I like to listen to generative music as much as anyone, but I made a conscious decision to reject that with my rack. With Spotify and other data-collection companies actively stealing (or paying fractions of pennies for) the work and ideas of artists in order to create artificially intelligent generative music that sounds like those artists, I wanted a much more human and interactive approach to making music. Mylarmelodies actually had a great conversation with BT about this kind of data-mining, intellectual property theft, and generative music on his “Why We Bleep” podcast if you are interested. So, what I decided to do with my module choice and music is sort of a mash-up of conceptual/dada/Fluxus art, minimal techno, post-punk, and noise. Kind of Merzbow meets Plastikman at Cabaret Voltaire’s house. It’s really focused on interaction and the limitations of the man/technology relationship. Probably sounds pretentious, but it is what it is… haha. I’ve limited the inclusion of menu-divey and button-combo heavy modules for this reason. The level of module complexity that one is comfortable with is definitely one of the choices that new folks need to contemplate right away.
I love the Rings into Clouds into Beads, perfectly lit, fern and herbal tea, sit-back-and listen, ambient videos as much as anyone, but that approach isn’t authentic to who I am and what I want to say with music. I’m more of a gritty lo-fi mess full of mistakes and impulsive decisions. I think my rack reflects that. I encourage all the other noobs to think about what they ultimately want to express. Hopefully it’s not just about increasing social media follower counts, clicks, “content creation,” and “engagement” with the newest shiniest module. Not that there is anything wrong with that, but there are probably far cheaper ways of doing it. If that is your mode of authentic expression, I say, “Go for it! The more the merrier in modular land.”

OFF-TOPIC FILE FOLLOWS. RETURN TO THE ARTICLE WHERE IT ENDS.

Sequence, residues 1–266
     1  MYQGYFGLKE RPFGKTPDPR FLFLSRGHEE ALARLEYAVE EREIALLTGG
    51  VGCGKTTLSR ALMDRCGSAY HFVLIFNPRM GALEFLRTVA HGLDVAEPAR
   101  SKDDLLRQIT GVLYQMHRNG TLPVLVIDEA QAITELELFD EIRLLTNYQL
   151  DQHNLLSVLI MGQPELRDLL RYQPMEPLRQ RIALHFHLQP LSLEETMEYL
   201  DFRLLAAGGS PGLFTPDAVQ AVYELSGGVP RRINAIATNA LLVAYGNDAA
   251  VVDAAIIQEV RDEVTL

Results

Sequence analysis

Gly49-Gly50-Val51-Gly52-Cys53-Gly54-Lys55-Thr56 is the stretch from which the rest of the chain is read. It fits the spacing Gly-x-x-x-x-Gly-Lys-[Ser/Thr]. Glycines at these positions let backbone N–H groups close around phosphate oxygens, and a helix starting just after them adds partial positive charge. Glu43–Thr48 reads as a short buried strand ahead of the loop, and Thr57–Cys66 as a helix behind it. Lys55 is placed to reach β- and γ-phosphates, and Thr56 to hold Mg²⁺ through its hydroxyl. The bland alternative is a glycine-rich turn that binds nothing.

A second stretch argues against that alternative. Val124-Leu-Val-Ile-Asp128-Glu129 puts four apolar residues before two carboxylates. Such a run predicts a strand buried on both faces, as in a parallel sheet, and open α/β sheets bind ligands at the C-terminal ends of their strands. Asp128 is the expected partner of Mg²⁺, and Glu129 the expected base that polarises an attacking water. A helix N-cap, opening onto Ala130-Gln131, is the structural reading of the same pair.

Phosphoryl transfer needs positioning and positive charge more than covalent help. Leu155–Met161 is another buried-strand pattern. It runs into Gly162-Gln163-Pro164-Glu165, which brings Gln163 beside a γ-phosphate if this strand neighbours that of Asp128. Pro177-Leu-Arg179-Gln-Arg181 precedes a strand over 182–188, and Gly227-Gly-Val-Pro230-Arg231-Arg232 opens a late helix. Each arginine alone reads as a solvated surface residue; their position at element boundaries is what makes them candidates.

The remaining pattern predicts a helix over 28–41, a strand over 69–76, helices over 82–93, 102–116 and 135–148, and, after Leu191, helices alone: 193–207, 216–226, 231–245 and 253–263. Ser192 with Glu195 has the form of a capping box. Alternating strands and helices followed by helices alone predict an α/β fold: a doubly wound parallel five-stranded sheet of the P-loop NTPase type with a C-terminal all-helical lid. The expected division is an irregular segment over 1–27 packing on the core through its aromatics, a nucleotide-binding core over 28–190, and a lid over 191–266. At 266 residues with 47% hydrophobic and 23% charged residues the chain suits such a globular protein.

So, anyway… here is my rack. I already have most of this, but still have about 104hp left to buy and fill. I may yet make a few small changes. In general, I’ve arranged sound sources and effects at the top, drums and modulation in the middle, and sequencing and mixing in the bottom. I have sprinkled some utilities throughout just because of my workflow, cable management, and where I would get the most use out of every module. I’ve been doing my best to incorporate interactive modules that encourage a live performance approach in the bottom row. The arrangement actually took quite a long time, multiple virtual and physical rearrangements, and finally makes sense to me based on my personal experience. @JimHowell1970’s post a few days ago really resonated with my personal experience of trying to create a playable instrument even as it grows to nearly unmanageable size. This is a never-ending process. Other things I’ve found: There is no good place to put Disting Mk4. It’s such a versatile and useful module, that I can never quite find the right place for it. Also, Doepfer is your friend when it comes to utilities (and most other things too)!
Please feel free to roast my rack, ask questions about modules or arrangement, or share your philosophy on creating music. To any other noobs reading this, above all have fun. This ain’t brain surgery.
Thanks for your time, and enjoy your weekend!